MAHIDOL UNIVERSITY will form a committee to investigate a group of lecturers belonging to its Institute of Human Rights and Peace Studies (IHRP), following the institute’s statement questioning alleged junta abuses of power, including the issuance of Article 44 orders.
In a statement issued yesterday, Mahidol University denounced the lecturers for “damaging the university’s reputation” by using its name in their original statement. “Such action is not academic freedom,” the university statement read. “We urge the issuers to stop immediately.”
Mahidol’s statement added that it always stood by the principle that everyone must respect the law.
The university’s reaction came after the IHRP late on Saturday night issued a statement calling for the National Council for Peace and Order (NCPO) to stop using absolute powers granted by Article 44 of the interim charter.
The article allows Prime Minister General Prayut Chan-o-cha, as NCPO head, to issue decrees that are not subject to any checks-or-balances measures, with more than 130 orders having been enacted since the NCPO took power in 2014.
“Using the article [to solve problems] is using dictatorial power against the rule of law, with a lack of checks and balances, and it is illegitimate,” the statement said. “Article 44 is used too often and without a sense of urgency. In many cases, the government and authorities are able to enforce [the same measures] by normal laws.”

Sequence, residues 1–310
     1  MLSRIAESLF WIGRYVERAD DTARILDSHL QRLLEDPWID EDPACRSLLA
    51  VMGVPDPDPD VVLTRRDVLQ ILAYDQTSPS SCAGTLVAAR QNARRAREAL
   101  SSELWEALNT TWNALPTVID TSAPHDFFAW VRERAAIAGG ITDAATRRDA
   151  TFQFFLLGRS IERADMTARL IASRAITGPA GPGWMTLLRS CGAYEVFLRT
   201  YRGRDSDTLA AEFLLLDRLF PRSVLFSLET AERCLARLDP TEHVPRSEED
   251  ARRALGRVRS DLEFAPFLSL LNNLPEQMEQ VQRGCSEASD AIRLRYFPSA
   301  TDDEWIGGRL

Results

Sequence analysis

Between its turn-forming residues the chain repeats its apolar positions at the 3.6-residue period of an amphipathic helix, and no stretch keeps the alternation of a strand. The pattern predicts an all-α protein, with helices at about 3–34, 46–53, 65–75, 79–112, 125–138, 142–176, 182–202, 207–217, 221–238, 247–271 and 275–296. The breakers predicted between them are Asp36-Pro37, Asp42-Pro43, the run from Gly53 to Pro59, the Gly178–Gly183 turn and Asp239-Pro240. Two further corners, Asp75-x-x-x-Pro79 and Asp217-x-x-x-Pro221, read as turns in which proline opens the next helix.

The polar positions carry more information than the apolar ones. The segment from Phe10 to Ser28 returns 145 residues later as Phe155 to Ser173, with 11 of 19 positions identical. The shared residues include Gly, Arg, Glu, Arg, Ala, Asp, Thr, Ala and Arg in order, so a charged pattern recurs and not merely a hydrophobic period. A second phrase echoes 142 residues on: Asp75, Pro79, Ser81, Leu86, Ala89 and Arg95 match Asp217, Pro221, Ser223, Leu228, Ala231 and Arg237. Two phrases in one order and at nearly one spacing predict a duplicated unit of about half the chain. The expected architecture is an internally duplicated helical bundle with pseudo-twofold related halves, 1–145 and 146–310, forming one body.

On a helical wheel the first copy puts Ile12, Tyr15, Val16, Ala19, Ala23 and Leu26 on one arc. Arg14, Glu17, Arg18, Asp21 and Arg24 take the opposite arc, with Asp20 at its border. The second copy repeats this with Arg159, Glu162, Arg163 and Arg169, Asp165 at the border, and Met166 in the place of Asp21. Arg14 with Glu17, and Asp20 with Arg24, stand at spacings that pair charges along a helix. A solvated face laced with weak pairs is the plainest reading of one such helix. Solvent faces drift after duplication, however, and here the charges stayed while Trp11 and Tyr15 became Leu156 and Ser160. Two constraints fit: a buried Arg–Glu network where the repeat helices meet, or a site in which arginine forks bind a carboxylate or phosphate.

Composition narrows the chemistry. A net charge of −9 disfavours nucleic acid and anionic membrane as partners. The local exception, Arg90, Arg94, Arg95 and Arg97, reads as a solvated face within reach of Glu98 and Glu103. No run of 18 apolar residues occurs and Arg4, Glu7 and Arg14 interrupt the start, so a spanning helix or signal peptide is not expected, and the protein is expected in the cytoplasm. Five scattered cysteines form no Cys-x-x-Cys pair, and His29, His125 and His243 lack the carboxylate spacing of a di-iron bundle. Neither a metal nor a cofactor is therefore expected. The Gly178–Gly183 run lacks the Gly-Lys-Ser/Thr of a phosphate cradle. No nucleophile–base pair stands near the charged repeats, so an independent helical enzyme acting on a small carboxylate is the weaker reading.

The IHRP cited nine orders issued this month, including one establishing the controversial Dhammakaya Temple and surroundings areas as a “controlled area” during a search for former abbot Phra Dhammachayo.
The institute’s statement was released hours after a man hanged himself from a 100-metre-high radio antenna in an apparent protest against the ongoing siege at the controversial Dhammakaya Temple.
Before killing himself, the man called on the government to revoke the Article 44 order.
However, the IHRP’s former director and present adviser Gothom Arya told The Nation that the IHRP had not raised the issue of Article 44 related to any particular case.
“We cited those nine orders only to provide a picture of how often the NCPO has enacted this absolute power over the past couple of months,” said Gothom, who has a record of criticising the junta.
As an adviser, Gothom said he did not have knowledge of what actions the IHRP would take next, but added that a further statement was unlikely. The IHRP’s current director, Eakpant Pindavanija, said he could not comment on the matter.
Meanwhile, Mahidol’s statement was followed by online questions why the IHRP, which is an institute belonging to the university, should not be allowed to use Mahidol’s name when taking action.
“Don’t be indecisive,” said netizen activist Arthit Suruyawongkul on Facebook. “When they [the IHRP] make contributions, you [Mahidol University] claim them as yours. But when they don’t act by your accord, you simply cut them out, saying they falsely used your name.”